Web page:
Big Thinker Scott E. Page at Yahoo!
Scott E. Page, Leonid Hurwicz Collegiate Professor of Complex Systems, Political Science, and Economics at the University of Michigan, recently visited the Yahoo! Labs campus in Santa Clara to give a talk entitled, "The Potential and Limits of the Crowd."
Page began by explaining that, more and more, intelligent individuals are being outperformed by larger groups. He illustrated his point with the fact that the last Nobel Prize in physics was awarded to 42 people as opposed to one person as has usually been the case historically. Today, he believes the Internet is unleashing the wisdom of crowds -- that we are increasingly harnessing the power of the Internet to solve problems through what Page refers to as "crowd-sourcing."
One example of successful crowd-sourcing is the company Threadless – a t-shirt design company that encourages people to submit their designs online. The designs are then put to a public vote, and a number of winning designs are selected, printed on tees, and sold through the company’s online store. Creators of the winning designs receive prizes.
DARPA(Defense Advanced Research Projects Agency) held a “Red Balloon Challenge” that was created to test the way social networking and lesser-known Web-based techniques can help accomplish a large-scale, time-critical task. They randomly placed floating red balloons throughout the country and challenged people to find them. They awarded $2,000 to people who found the balloons, $1,000 to people who found the people who found the balloons, and $500 to people who found the people who found the people who found the red balloons.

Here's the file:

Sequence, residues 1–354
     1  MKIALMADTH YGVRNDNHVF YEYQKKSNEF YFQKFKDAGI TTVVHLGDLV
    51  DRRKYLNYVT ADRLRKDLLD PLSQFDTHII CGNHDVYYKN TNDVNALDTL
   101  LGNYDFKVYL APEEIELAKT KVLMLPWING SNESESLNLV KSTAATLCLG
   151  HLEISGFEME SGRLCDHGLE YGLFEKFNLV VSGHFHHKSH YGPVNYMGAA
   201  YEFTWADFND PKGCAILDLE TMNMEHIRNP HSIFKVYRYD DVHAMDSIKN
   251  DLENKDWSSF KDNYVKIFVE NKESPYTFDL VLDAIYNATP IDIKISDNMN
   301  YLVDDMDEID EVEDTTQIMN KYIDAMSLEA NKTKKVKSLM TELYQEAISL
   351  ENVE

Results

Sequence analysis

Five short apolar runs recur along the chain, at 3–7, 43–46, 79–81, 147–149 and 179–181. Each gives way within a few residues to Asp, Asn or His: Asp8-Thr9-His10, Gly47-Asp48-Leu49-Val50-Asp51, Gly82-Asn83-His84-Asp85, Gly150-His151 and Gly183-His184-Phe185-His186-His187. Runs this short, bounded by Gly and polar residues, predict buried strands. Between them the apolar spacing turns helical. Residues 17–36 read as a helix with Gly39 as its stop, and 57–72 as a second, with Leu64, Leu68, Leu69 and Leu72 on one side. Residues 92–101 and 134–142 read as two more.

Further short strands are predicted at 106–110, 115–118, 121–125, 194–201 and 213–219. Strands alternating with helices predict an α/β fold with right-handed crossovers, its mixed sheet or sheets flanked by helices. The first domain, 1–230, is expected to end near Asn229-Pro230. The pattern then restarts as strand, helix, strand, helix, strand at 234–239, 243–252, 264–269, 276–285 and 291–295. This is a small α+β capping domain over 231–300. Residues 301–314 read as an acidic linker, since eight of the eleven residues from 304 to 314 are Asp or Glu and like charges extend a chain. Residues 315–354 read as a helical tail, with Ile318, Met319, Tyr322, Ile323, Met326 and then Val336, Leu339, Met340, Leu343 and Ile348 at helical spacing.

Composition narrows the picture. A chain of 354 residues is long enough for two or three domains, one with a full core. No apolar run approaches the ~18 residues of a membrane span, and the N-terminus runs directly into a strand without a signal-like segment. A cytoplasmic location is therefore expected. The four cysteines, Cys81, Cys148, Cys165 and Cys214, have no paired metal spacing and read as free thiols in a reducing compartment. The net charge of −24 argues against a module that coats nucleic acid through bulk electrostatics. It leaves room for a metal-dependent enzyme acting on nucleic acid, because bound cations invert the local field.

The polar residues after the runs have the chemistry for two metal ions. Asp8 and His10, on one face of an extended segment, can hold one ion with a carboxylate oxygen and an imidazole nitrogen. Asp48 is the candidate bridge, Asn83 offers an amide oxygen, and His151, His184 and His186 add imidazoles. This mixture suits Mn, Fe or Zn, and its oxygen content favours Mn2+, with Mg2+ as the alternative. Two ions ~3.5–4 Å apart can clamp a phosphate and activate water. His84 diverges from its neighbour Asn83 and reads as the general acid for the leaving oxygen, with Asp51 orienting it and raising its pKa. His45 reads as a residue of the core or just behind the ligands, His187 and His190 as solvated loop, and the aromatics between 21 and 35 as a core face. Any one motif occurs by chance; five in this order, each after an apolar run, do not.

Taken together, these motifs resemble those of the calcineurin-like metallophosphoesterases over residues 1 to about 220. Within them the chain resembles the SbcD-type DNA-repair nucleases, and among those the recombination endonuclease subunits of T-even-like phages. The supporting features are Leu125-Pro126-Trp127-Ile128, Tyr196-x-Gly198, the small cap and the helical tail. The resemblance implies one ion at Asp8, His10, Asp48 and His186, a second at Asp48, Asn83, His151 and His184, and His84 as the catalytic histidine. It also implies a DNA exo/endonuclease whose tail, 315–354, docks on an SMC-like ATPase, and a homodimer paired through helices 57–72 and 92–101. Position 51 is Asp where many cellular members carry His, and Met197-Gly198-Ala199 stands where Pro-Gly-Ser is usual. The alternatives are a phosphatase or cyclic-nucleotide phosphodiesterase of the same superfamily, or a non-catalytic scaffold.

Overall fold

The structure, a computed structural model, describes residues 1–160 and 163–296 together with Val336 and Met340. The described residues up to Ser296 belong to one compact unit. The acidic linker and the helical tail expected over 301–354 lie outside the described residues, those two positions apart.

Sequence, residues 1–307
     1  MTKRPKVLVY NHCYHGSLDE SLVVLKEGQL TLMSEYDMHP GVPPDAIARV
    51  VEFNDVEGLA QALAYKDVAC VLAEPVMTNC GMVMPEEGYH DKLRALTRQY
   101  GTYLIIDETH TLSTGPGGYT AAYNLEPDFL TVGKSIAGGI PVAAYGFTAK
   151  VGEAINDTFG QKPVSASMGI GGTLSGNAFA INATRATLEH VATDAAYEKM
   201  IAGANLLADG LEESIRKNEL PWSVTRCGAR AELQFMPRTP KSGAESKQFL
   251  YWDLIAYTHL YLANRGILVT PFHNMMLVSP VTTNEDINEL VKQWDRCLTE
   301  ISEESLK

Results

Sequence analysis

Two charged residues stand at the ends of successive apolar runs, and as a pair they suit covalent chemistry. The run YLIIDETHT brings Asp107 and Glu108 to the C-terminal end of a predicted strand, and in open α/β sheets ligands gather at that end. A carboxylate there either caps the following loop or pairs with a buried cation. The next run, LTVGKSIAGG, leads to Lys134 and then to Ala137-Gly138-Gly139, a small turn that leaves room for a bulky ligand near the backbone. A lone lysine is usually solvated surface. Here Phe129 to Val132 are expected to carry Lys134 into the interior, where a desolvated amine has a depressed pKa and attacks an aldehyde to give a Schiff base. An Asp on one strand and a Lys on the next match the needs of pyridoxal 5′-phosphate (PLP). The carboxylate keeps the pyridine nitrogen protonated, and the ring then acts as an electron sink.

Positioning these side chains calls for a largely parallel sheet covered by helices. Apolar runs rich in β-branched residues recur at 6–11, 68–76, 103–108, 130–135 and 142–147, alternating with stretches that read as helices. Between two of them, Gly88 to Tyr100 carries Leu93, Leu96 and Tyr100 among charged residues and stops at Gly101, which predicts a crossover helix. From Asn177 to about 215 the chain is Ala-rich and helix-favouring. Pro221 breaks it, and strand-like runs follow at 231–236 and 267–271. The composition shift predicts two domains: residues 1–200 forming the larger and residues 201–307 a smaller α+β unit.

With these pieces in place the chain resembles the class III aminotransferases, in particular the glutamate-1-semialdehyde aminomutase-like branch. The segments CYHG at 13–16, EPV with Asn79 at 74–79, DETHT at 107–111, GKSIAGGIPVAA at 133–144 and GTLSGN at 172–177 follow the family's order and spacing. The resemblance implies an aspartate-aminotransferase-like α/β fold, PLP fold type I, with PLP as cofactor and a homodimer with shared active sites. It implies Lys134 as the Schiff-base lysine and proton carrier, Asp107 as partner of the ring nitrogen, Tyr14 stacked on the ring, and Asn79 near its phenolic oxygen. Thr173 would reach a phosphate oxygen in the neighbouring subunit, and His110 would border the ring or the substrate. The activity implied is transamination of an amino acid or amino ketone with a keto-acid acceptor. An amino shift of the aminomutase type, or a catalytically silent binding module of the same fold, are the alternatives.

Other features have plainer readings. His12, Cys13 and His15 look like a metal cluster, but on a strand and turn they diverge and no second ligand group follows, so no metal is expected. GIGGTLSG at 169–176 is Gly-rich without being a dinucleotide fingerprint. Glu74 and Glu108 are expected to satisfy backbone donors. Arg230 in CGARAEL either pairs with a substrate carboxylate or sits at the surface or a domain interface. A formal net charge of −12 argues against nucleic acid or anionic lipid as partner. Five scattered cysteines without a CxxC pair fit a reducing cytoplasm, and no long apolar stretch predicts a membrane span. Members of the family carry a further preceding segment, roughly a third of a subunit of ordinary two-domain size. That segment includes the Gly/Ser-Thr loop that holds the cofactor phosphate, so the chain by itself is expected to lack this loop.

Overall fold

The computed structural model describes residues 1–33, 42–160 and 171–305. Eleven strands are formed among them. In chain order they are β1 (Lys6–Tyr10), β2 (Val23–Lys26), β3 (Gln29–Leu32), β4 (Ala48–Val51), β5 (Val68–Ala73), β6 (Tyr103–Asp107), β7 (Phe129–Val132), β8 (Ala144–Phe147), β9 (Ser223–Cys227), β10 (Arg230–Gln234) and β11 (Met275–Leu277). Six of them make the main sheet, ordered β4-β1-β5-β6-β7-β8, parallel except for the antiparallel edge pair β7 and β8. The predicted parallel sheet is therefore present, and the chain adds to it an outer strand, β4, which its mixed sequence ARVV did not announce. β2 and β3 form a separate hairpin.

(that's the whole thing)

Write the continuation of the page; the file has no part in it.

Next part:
Innocentive, an Eli Lilly research company, posts problems on their Web site and challenges users to submit solutions. Winners receive a cash prize of $10,000. One of the challenges – how do you get fluoride into a toothpaste tube without getting powder everywhere – was solved by an electric guitarist who knew that positively charged fluoride particles would be attracted to the tube without any significant dispersion. This is an example of harnessing the power of the Internet to solve problems. In this case, Page also pointed out that regardless of background, problems can be solved when you source crowds because of diversity.
Diverse, smart crowds can predict – the phenomenon of “the many of whom can be combined.” Diverse groups of intelligent people who have different perspectives, mindsets and ways of solving problems can make more accurate predictions and solve problems more effectively than even groups of experts. He also noted that the cost of crowd-sourcing is “ridiculous” – the Threadless model amounts to $13 per design; the red balloon challenge cost $10 per team (involving PhDs and other reputed experts), and Innocentive pays about $42 per seeker.
Page concluded his talk with a beer analogy: “are we tapping into what’s out there?” How do we effectively tap into a crowd’s collective wisdom? More importantly, rather than tap, Page points out that we must brew or train people so that we can blend together and be more productive collectively.
Watch the entire talk here: